Include public, fight Naxalites

Planning Commission wants to improve Integrated Action Plan

By Moyna
Published: Sunday 15 May 2011

imageWITHIN six months of its implementation, the Integrated Action Plan (IAP), intended to boost development in Naxalite-affected regions, is heading for a change. At present, the plan is being directed by district-level committees with no public participation. The Planning Commission wants to alter this arrangement by imposing conditions on release of funds.

Under the existing plan, a committee headed by the district collector initiates development projects related to health, education and employment in each of the 60 Naxalitehit tribal and backward districts. The committee consists of district forest officer and superintendent of police. The plan provides grants of Rs 25 crore and Rs 30 crore per district during 2010-11 and 2011-12, respectively (see box).

Soon after the plan was tabled in 2010, Mihir Shah, a Planning Commission member and one of the formulators of the plan, wrote a letter to the Prime Minister’s Office, criticising the Union Cabinet’s decision on commencing IAP. The letter, which was recently made public, stated, “The sense of alienation felt by the tribal people… cannot be addressed by merely throwing even more money at the problem.”

The letter added, “In an era of Panchayati Raj, this kind of centralised, non-participatory structure with the complete exclusion of panchayati raj institutions, elected representatives…and the aam aadmi from any say in decision-making, is deeply retrogressive.” The prime minister “assured me that in the 12th Five Year Plan we would take up a scheme for central tribal areas on the lines suggested by the Commission. We are working on that”, says Shah.

One of the main components of the proposed changes is imposing conditions before releasing funds under the plan. A district would be eligible for the next instalment of funds if it meets targets like implementation of Forest Rights Act (FRA) of 2006 and Provisions of the Panchayats (Extension to the Scheduled Areas) Act (PESA) of 1996, and strengthening of the Panchayati Raj institutions. The funds would be released incrementally over a period of five years, starting 2012.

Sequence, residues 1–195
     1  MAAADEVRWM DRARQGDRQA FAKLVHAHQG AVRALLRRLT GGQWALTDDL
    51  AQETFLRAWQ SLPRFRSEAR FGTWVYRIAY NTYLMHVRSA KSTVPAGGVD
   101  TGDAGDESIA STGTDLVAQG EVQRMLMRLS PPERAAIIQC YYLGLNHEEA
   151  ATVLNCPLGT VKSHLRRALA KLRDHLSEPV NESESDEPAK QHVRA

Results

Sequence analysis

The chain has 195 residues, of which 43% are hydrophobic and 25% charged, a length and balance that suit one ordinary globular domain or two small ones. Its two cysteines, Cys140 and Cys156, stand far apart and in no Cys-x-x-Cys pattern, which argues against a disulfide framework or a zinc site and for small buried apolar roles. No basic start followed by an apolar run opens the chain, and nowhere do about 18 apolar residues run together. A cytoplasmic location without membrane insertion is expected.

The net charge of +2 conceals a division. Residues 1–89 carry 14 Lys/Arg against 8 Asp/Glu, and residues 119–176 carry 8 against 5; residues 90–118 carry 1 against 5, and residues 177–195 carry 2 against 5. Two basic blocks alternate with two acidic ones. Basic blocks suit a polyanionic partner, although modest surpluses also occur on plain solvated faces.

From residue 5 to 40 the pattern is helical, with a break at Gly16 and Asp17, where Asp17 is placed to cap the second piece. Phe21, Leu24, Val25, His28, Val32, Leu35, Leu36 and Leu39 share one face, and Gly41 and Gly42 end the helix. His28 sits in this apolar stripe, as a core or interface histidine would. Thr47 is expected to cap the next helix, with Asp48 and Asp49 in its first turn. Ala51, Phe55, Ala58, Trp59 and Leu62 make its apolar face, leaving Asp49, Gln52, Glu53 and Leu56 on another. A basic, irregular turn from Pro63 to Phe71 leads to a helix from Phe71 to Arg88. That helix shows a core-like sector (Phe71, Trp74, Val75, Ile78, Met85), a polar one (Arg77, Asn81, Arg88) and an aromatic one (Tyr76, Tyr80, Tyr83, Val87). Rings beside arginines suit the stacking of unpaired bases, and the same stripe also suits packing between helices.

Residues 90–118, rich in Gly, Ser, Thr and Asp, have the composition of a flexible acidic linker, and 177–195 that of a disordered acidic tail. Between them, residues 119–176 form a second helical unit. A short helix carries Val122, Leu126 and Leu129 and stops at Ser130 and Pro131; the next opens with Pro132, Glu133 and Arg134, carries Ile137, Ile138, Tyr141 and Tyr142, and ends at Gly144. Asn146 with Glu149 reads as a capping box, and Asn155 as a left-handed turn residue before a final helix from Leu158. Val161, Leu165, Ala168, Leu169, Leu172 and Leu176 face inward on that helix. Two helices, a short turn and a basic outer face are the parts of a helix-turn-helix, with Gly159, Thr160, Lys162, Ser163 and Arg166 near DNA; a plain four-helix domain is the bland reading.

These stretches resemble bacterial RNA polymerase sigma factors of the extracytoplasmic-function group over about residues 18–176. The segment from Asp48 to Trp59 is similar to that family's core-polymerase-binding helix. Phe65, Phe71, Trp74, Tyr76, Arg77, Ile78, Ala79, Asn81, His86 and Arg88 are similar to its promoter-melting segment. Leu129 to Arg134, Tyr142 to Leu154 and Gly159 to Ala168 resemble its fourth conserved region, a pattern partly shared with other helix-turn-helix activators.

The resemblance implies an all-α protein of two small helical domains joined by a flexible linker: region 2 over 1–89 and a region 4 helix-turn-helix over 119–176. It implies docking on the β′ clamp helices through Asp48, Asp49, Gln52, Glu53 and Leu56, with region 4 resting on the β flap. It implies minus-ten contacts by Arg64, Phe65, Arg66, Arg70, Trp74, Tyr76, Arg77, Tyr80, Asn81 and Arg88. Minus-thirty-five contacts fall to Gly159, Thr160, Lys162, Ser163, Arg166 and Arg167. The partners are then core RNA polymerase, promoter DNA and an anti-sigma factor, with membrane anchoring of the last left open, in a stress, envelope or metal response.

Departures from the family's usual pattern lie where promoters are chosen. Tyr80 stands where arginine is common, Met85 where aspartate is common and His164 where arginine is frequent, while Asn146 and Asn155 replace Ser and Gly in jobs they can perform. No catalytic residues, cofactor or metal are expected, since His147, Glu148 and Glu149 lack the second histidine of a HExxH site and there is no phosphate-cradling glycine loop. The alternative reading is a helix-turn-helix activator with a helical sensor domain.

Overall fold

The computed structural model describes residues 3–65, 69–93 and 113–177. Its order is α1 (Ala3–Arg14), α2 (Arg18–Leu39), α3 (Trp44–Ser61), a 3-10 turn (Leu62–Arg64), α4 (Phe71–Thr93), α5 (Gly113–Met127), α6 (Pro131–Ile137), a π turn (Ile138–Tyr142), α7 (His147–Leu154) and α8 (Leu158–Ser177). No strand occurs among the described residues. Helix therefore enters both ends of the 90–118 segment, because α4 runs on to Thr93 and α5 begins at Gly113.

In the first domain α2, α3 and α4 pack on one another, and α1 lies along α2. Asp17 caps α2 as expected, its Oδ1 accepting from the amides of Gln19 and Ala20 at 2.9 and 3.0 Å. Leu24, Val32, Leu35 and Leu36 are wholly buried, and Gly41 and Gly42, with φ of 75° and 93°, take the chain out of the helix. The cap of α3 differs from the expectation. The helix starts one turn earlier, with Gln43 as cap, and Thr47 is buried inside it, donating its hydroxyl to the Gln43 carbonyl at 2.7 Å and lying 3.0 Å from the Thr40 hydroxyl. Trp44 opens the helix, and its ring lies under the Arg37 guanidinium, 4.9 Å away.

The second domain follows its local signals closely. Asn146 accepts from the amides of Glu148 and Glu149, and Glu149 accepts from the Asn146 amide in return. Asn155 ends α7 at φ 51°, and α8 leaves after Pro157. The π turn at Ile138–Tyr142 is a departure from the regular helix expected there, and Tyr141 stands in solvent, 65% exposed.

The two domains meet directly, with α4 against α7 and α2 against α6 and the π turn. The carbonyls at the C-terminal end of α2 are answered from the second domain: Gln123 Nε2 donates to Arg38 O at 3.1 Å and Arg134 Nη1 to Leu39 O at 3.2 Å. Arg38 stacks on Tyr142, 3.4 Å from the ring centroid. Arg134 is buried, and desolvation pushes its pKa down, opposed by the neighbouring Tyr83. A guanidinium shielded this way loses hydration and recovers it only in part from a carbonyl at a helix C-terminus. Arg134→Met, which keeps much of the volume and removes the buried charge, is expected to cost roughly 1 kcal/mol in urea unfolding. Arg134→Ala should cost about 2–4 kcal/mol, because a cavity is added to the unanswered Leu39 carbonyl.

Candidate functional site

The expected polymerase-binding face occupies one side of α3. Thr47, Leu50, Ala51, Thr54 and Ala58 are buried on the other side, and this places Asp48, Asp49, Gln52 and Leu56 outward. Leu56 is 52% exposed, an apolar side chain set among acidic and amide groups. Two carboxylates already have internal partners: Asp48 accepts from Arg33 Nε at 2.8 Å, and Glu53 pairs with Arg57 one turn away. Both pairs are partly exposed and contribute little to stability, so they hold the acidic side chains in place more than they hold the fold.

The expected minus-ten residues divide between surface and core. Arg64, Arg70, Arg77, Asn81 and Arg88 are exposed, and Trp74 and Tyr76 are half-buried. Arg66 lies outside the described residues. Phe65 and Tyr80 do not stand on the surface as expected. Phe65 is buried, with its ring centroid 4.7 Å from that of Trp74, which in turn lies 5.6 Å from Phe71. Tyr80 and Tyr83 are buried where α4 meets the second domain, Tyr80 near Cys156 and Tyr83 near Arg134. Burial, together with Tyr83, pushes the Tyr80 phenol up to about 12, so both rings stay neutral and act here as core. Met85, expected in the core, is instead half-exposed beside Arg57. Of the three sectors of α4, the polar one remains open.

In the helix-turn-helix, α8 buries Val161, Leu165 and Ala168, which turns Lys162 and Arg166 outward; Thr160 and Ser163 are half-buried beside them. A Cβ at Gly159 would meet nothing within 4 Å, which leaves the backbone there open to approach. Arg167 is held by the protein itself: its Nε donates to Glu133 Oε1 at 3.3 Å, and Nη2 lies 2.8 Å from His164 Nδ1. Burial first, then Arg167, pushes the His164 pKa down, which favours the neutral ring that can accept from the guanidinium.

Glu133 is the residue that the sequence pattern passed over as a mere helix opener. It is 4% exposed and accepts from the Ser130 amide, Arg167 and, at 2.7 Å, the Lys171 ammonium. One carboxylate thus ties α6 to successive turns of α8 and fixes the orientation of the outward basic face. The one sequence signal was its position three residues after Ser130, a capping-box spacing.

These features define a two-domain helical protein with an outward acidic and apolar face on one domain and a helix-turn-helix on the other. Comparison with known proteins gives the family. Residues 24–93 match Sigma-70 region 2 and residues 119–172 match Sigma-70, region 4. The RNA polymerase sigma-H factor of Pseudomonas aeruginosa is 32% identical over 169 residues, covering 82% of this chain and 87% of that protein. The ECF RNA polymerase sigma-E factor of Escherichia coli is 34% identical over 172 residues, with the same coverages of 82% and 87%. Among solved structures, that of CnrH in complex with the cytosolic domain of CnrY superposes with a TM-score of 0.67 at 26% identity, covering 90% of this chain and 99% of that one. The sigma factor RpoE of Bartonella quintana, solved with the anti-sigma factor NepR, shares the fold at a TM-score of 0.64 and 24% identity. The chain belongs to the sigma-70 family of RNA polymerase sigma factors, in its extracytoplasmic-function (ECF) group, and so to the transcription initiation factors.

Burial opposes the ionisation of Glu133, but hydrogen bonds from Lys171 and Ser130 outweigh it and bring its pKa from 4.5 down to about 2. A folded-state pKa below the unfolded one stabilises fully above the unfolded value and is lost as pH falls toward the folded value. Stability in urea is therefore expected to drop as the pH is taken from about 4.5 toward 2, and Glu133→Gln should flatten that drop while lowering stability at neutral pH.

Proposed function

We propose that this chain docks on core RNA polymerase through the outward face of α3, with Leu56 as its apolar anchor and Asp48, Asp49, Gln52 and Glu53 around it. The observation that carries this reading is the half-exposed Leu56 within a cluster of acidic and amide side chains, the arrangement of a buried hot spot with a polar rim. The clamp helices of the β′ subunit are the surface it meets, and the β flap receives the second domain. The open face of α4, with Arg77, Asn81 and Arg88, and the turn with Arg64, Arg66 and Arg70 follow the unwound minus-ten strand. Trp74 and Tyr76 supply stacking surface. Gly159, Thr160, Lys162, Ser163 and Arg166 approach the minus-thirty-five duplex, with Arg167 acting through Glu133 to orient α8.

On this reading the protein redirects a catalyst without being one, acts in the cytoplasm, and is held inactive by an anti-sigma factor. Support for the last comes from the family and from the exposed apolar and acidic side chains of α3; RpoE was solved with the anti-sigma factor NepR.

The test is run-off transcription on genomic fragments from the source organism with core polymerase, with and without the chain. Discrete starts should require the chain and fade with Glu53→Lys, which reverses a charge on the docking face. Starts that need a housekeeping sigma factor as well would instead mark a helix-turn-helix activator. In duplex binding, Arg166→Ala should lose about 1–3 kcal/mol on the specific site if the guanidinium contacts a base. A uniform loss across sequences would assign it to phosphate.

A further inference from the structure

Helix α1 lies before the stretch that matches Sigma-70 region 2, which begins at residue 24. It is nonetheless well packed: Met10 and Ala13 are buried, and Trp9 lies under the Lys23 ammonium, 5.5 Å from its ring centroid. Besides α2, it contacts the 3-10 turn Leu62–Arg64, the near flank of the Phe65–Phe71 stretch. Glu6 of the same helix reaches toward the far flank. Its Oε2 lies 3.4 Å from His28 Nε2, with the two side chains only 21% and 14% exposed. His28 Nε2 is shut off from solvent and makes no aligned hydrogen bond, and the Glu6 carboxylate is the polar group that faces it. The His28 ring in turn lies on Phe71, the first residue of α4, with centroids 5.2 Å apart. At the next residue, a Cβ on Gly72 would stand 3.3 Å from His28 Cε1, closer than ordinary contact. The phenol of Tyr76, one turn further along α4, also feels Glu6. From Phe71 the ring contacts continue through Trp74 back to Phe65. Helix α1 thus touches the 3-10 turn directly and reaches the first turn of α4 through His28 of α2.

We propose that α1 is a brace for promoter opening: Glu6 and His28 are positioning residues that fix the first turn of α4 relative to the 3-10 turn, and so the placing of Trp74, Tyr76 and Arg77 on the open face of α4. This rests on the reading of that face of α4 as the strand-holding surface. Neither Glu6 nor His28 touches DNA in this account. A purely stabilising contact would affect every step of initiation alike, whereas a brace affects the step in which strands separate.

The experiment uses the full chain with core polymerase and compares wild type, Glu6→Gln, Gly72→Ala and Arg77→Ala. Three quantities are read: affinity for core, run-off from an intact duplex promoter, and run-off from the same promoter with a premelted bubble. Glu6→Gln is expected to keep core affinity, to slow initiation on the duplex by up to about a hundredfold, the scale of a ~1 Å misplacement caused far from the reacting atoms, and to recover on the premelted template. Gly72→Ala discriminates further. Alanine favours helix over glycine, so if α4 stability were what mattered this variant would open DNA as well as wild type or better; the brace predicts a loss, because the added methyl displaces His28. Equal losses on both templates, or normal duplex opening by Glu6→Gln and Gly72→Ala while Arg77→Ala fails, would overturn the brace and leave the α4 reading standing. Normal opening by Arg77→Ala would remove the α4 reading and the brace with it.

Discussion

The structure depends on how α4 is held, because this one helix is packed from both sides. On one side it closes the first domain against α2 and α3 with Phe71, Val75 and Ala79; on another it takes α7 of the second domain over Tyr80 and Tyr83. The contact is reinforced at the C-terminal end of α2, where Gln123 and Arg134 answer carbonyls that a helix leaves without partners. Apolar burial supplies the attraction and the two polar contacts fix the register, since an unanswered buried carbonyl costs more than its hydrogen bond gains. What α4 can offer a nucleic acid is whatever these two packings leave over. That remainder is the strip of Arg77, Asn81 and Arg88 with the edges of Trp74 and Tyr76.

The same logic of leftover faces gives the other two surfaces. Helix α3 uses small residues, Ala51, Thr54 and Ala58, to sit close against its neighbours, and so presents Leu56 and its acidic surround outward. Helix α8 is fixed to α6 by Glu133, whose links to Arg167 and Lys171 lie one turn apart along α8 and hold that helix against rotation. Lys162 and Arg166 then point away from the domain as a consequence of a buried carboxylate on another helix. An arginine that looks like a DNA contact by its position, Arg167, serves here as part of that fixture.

Another component is the set of five criteria, based on which a district can utilise funds. They are: a district should have 25 per cent tribal population, 50 per cent poverty ratio, 30 per cent forest cover, security-related concerns and be covered under the government’s Backward Regions Grant Fund. Any district which fulfils four criteria could be covered by the plan.

But Sudha Pillai, member secretary of the commission, does not think the current plan is flawed. “Through video conferencing we are constantly in touch with the district-level committees,” she says. Ramesh Sharma of non-profit Ekta Parishad in Chhattisgarh, however, believes the “fundamental premise of the plan is skewed as it addresses the issue of development, while the main problem is that of rights”.

According to the Madhya Pradesh Development Commissioner R Parshuram it is too early to say whether the plan is effective. “The funds were released towards the end of January this year,” he says.

How IAP money was spent

In December 2010, a total of Rs 1,500 crore was given to the selected districts. Till March 3, about Rs 133 crore had been utilised, according to the home ministry. Some of the money was misutilised. For instance, the district collector in Dantewada, Chhattisgarh, had approved purchase of baby weighing machines with IAP money. Absence of doctors, medicines and hospitals led to 140 deaths from suspected cholera in 2010 in Dantewada and Bijapur. In 2010-11, the Bijapur district health plan under IAP consisted of purchasing 10 ambulances for one crore rupees of the total of about Rs 522 crore.

Suggested by the commission in 2009, IAP came into force in November 2010 after receiving Cabinet Committee of Economic Affairs’ nod.


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